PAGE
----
This article was originally posted on the New England Grassroots Environment Fund website. It shows the importance and value of farming skills, and how gardening can create a strong community, even in correctional facilities.
Picture this. Inmates, who are serving life sentences without the chance for parole, tenderly caring for a vegetable garden.
Thanks to two women with Garden Time, Inc., that’s exactly what has been happening at the Rhode Island Adult Correctional Institution (ACI) in Cranston for the past several years.
“It’s incredibly rewarding,” Garden Time co-founder Kate Lacouture said. “When we started, we had this idea that we would get funding right away and we wouldn’t do this unless we were getting paid. What my partner, Vera (Bowen), and I realized recently, we would continue to do this forever as volunteers because we love it so much.”
Initially, Garden Time was most interested in working with the women in minimum security because that sounded “nice, easy and safe” according to Lacouture. But the women were in the process of moving into a new facility and were in no position to start a garden program. So instead, they got the opposite end of the spectrum – lifers without parole.
That might seem like a daunting task for some or others might wonder why lifers without parole deserve the privilege of gardening. The correction officers certainly weren’t thrilled with the idea initially because of security risks. However, the warden of the men’s maximum security prison and the director of programs were on board, mainly because these prisoners had limited options for activities since lifers without parole aren’t allowed to take classes.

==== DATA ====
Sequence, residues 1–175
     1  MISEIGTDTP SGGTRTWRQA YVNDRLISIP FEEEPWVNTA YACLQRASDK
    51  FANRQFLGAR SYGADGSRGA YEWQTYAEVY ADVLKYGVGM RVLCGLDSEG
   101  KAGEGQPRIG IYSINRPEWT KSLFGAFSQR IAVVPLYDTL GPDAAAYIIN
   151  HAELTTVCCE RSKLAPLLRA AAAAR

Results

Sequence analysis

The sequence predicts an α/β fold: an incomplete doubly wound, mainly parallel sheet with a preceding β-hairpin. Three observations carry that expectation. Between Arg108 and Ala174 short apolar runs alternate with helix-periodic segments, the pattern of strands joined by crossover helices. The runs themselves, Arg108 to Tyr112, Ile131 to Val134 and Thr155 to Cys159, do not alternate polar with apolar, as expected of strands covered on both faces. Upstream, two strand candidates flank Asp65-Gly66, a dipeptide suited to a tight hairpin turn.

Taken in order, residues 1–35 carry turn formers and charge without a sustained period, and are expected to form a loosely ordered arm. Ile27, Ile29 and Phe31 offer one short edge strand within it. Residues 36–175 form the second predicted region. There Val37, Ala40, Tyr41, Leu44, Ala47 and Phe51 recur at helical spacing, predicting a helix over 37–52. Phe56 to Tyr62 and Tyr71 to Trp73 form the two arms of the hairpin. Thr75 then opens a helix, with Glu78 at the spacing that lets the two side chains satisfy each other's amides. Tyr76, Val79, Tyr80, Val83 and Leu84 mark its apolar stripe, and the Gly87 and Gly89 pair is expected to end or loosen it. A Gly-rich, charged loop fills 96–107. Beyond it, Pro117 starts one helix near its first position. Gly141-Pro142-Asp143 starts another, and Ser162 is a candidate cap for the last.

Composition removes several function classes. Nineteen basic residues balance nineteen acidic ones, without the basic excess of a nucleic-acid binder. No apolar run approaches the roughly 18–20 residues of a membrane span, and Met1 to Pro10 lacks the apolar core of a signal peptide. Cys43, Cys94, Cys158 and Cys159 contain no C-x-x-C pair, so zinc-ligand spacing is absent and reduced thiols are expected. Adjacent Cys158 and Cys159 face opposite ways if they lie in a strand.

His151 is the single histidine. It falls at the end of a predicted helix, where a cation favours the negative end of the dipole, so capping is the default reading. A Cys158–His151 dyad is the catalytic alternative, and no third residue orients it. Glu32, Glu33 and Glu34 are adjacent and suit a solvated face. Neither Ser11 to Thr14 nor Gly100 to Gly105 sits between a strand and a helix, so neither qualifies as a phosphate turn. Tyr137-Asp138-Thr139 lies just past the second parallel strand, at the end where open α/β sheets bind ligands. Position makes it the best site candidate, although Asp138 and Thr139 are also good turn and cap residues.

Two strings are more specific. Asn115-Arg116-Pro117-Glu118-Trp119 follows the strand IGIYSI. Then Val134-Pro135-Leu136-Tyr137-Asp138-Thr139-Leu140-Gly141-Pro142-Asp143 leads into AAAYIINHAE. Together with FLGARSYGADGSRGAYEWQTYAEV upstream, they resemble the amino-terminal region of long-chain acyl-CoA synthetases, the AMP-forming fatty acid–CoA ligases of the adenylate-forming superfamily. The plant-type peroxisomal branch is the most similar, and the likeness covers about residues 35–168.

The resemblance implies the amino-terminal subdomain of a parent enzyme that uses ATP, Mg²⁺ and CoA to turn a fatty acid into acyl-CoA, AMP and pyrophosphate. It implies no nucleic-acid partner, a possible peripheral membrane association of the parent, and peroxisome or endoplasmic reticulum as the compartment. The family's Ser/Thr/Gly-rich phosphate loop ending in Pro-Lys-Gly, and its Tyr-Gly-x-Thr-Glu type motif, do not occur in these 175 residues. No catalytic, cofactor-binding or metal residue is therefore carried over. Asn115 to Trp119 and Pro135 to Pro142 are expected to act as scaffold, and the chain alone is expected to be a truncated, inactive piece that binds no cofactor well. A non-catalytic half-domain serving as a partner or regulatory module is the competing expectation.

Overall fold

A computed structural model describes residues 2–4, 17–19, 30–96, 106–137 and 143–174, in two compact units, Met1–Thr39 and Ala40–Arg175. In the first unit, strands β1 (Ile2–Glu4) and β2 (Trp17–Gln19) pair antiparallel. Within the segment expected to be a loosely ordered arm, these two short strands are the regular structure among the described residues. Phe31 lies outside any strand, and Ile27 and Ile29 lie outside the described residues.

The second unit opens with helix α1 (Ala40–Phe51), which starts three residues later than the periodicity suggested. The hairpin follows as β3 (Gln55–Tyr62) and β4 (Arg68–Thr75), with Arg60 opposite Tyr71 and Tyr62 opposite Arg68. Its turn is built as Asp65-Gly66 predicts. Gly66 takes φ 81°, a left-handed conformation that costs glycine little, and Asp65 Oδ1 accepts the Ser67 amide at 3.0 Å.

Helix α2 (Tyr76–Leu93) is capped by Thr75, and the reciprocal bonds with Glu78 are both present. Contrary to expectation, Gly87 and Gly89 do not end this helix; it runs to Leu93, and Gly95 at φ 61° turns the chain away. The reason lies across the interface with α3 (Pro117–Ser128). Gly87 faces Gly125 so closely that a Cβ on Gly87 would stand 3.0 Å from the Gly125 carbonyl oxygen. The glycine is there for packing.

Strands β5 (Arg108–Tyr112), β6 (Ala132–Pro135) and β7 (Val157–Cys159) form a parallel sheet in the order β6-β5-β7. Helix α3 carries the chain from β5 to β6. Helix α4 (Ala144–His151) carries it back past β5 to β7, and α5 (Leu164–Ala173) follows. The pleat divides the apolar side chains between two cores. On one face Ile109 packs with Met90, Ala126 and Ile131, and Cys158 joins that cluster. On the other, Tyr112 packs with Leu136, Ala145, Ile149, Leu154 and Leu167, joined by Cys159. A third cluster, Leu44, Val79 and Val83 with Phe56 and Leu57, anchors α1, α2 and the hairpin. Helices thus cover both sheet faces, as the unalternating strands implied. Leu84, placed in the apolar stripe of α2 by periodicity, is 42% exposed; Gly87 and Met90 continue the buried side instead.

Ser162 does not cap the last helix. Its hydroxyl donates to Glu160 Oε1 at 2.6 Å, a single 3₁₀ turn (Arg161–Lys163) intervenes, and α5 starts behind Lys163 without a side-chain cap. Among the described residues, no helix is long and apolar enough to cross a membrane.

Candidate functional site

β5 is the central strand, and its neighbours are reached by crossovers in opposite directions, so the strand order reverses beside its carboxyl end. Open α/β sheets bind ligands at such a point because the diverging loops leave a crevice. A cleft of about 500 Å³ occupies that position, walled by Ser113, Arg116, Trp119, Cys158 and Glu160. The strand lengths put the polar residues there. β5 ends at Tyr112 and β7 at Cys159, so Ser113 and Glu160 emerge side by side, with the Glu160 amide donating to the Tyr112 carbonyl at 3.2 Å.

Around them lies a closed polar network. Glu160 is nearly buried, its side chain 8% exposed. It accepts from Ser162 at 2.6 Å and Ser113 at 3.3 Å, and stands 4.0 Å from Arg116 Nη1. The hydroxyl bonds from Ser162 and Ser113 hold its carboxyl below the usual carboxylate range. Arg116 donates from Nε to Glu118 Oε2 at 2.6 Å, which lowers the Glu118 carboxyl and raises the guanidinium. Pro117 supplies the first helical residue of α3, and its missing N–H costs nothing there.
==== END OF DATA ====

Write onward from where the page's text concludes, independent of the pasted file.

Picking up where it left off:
Lacouture said even most of the correction officers have changed their views of the gardening program since it started in 2010.
“This will be our fourth year at max, so they know we’re serious and not a security risk. They’ve come around and we feed them well. We pay them off with fresh strawberries and tomatoes,” Lacouture joked.
Lacouture admittedly was a little nervous at first dealing with maximum security inmates. There was an adjustment period getting used to going through all the security and hearing the slam of metal doors closing. Lacouture also had to deal with the fact that she grew to enjoy spending time with these people, but she was sad that they were stuck in prison and she could go home to her family each day.
“It’s really a life-changing experience and really eye-opening that aside from the fact they did something really horrible at some point in their lives, they seem like really nice guys. They’re funny and they’re smart. It’s fun to be with them,” Lacouture said. “I sort of marvel at it at times when I’m walking across the yard and there are 400 people out playing in the yard. It’s kind of amazing we’re in this environment. The problem hasn’t been feeling unsafe. The problem has been us feeling too comfortable, and the captain and the warden are always reminding us to remember where we are.”